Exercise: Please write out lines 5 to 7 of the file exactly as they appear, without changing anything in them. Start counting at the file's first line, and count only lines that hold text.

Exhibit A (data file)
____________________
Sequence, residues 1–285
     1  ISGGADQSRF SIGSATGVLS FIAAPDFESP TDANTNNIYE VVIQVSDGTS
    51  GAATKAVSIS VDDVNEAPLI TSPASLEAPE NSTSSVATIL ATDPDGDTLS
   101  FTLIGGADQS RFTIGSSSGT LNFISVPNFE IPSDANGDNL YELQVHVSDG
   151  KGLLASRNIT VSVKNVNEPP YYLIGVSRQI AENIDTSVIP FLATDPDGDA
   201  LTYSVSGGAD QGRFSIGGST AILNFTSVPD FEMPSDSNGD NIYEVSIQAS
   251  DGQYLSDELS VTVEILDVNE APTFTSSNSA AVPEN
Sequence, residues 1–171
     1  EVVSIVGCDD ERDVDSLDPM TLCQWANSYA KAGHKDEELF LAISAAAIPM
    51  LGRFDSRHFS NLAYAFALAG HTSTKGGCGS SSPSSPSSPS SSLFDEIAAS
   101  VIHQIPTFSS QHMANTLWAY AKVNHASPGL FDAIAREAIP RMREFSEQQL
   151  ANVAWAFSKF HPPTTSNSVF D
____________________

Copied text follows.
   151  KGLLASRNIT VSVKNVNEPP YYLIGVSRQI AENIDTSVIP FLATDPDGDA
   201  LTYSVSGGAD QGRFSIGGST AILNFTSVPD FEMPSDSNGD NIYEVSIQAS
   251  DGQYLSDELS VTVEILDVNE APTFTSSNSA AVPEN